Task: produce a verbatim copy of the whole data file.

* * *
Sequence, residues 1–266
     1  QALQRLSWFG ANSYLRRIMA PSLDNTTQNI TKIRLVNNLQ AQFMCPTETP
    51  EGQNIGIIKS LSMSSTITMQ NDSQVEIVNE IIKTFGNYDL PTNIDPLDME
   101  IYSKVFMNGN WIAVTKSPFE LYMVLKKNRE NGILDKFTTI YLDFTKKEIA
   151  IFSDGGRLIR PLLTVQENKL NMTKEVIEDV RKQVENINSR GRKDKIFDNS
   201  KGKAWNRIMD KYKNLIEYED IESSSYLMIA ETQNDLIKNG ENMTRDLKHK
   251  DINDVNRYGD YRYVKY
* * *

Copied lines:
Sequence, residues 1–266
     1  QALQRLSWFG ANSYLRRIMA PSLDNTTQNI TKIRLVNNLQ AQFMCPTETP
    51  EGQNIGIIKS LSMSSTITMQ NDSQVEIVNE IIKTFGNYDL PTNIDPLDME
   101  IYSKVFMNGN WIAVTKSPFE LYMVLKKNRE NGILDKFTTI YLDFTKKEIA
   151  IFSDGGRLIR PLLTVQENKL NMTKEVIEDV RKQVENINSR GRKDKIFDNS
   201  KGKAWNRIMD KYKNLIEYED IESSSYLMIA ETQNDLIKNG ENMTRDLKHK
   251  DINDVNRYGD YRYVKY